"Poignant, Comical Homage to the Golden Age of Hollywood"
What You Need To Know:
HAIL, CAESAR! finds many comedic moments in exaggerated, ridiculous situations, without falling into vulgarity. Surprisingly, the movie has multiple moments where the Gospel is presented in an eloquent, powerful way. Overall, it has its entertaining moments, though the movie’s quirky style won’t be everyone’s cup of tea. The representation of faith is refreshing for a Hollywood movie, and Movieguide® commends the Coen Brothers for it. HAIL, CAESAR! does have a few strong profanities however, and one or two off-color innuendoes, so caution is advised.
(CCC, BBB, ACAC, RH, CapCap, LL, V, S, A, D, M) Very strong Christian, biblical worldview in a comical context with main character who isn’t perfect and makes mistakes but who tries to do the right thing, seeks God in prayer and repents of sin, two strong monologues presenting the Gospel, and multiple symbolic scenes at the cross of Christ, and a scene of prayer; strong anti-communist message, and acknowledgment of their presence in Hollywood in the 1950s, though movie also makes light of their actual influence a bit, but ends up validating, in a way, the capitalism behind the studio system; eight light obscenities and four profanities (including two GDs and one JC); slaves are whipped on a move set, a man is smacked multiple times, and there’s some light western action violence with guns shooting; some sexual content and references include woman is pregnant outside of marriage, a reference to adultery, woman makes a sexual reference, and it’s rumored an actor engaged in sodomy to get a role; no explicit nudity, but woman takes pictures dressed provocatively briefly, and woman in bathing suit bears some cleavage; light drinking; light smoking; and, kidnapping, greed, bribery, hypocrisy, and blackmail.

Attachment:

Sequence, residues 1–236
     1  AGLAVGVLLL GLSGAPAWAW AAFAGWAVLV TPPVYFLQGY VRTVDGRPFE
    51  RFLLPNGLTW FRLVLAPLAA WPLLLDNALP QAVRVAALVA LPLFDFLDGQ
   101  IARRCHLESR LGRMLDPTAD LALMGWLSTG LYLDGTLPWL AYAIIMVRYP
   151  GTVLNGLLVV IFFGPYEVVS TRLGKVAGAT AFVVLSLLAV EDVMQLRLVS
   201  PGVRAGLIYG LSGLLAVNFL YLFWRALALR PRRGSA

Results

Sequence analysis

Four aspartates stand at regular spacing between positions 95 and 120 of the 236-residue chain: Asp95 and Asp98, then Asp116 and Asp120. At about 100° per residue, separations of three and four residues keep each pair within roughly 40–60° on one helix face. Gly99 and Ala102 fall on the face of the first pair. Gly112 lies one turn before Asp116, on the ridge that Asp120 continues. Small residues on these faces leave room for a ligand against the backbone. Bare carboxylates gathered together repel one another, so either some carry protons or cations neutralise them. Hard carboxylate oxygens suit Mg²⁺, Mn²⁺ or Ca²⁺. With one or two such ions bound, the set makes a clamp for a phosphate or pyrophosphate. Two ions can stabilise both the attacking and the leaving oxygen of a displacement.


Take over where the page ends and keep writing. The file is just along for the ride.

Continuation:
HAIL, CAESAR! is a goofy comedy from the Writer/Director brother duo Joel and Ethan Coen with a surprising amount of strong, positive Christian content. Set in 1950s Hollywood, Eddie Mannix (played by Josh Brolin) is a movie studio “fixer”, whose job is to keep the scandals of famous movie stars out of the press. Loosely based off a real life Hollywood fixer named Eddie Mannix, who had his own number of scandals and moral shortcomings, the fictional Mannix in HAIL, CAESAR! is much more upstanding and devout in his faith.
The movie begins with Mannix in a confessional, repenting of the fact he lied to his wife about quitting his smoking habit. Employed by the fictional studio Capital Pictures, Mannix is always busy putting out fires and fixing career-ending dilemmas in which actors and actresses keep finding themselves. Among Mannix’s headaches is a swimming star DeeAnna Moran (Scarlett Johansson), who becomes pregnant outside of wedlock right before production starts on her newest movie. Additionally, sophisticated Director Laurence Laurentz (Ralph Fiennes) is furious he’s being forced to cast a verbally incompetent Western star by the name of Hobie Doyle.
The biggest problem of Mannix’s career, however, arises a group calling themselves “The Future” kidnaps major star Baird Whitlock (George Clooney), the lead in a major biblical epic. The group demands the studio pay $100,000, or else.